7. Yes, John. I was so focused on the immediate red flags that I forgot to take note of the saya's double haikan which would be indicative of a Type 94. At any rate, this thing is a big nothing burger!
  8. The immediate red flags for me were the Tsuka wrap, the blade's shape, and the Habaki. Upon closer inspection, I noticed more flaws as Will and Chris have noted. The seller needs to get educated and adjust his price accordingly - or salvage the authentic parts and sell those individually.
  9. Just saw this listed on eBay - here's the link: https://www.ebay.com/itm/125183574489?hash=item1d2585c1d9:g:iUcAAOSwO9xiI07z This doesn't look right and the seller is asking $2000.00. I immediately recognized several red flags. What do you guys think? What do you see wrong here?
  10. And May 1st 1945 was the beginning of Operation Oboe where the Australians landed at Tarakan and began the Borneo campaign - the last major operation of the war in the Southwest Pacific. One of the photos of the campaign that I saw today featured an Australian Infantry officer showing off a Kai Gunto battle souvenir to a group of his men.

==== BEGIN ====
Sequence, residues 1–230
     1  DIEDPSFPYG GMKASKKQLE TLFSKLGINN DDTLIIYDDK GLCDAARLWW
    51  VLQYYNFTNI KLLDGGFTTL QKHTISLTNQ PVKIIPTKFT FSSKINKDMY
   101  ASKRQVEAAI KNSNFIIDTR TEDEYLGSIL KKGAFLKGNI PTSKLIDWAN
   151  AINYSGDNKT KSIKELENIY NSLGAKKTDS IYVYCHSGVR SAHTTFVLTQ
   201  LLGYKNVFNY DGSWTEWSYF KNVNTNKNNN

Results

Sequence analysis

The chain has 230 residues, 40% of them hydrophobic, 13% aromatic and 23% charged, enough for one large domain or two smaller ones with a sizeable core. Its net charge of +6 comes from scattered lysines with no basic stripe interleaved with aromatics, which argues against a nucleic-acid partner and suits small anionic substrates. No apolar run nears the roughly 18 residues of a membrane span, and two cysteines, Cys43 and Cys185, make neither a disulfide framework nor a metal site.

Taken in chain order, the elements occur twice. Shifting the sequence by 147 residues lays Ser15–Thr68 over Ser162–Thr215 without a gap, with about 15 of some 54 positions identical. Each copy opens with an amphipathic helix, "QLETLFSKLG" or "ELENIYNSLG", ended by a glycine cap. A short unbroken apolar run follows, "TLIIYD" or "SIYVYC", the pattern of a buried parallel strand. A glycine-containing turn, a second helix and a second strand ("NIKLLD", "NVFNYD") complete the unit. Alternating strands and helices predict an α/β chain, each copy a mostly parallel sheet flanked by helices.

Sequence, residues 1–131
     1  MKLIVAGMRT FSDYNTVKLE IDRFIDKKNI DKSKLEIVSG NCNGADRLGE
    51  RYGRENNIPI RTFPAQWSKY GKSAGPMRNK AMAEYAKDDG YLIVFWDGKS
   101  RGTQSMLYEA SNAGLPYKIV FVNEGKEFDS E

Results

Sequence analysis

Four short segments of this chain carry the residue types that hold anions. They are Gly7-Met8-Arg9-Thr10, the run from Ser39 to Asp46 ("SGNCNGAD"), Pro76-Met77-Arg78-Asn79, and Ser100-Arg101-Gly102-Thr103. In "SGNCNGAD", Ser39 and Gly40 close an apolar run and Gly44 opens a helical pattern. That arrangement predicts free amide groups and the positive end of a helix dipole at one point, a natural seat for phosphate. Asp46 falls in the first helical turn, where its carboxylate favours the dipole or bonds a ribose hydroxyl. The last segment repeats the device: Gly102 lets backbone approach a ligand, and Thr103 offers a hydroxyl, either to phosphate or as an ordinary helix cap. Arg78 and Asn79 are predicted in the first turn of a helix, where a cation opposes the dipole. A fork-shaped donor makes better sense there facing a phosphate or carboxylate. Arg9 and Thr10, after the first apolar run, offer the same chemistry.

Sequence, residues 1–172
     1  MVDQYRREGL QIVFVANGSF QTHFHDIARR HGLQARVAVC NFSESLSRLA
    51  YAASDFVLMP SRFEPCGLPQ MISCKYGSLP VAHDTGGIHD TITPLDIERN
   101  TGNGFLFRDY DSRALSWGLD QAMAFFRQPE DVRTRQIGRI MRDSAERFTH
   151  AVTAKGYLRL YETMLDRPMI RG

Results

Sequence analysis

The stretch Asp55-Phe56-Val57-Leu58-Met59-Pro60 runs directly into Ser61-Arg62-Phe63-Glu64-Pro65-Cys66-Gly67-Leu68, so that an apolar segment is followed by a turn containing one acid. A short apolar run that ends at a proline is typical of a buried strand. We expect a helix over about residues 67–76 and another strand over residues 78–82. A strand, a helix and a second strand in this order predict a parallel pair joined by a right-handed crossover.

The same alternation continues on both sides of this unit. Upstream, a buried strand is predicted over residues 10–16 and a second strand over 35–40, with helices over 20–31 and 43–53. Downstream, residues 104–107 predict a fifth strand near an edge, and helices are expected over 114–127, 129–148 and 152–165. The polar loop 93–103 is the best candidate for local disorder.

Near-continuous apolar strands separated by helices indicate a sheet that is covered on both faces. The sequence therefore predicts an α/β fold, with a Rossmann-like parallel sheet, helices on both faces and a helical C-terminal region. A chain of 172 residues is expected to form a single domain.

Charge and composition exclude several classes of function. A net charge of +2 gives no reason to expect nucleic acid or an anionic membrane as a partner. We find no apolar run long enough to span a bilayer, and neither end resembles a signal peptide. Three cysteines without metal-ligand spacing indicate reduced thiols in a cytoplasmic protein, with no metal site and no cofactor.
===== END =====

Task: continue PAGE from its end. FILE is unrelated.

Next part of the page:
11. This is the highest rank (General) original Gunto tassel that I could find online. Outside my budget, currently. https://griffinmilitaria.com/product/wwii-Japanese-army-generals-sword-knot/
  12. Now you can set your sights on this one - albeit, for the price of a nice gunto! https://griffinmilitaria.com/product/wwii-Japanese-army-generals-sword-knot/
  13. Thanks Dan - excellent description.
  14. Are both swords Mumei? I didn't see a photo of the RS's nakago, and the 98's nakago has plenty of file marks, but I didn't see any kanji or stamps. Both swords look to be in decent condition - I didn't see any serious chips or broken tips (some scratches, probably from cutting, but that's quite common). They both look like good examples of showato. The fact that the RS has lacquered ito on the the tsuka is also a plus. The price is $1350.00 for the RS. What is the price for the Type 98?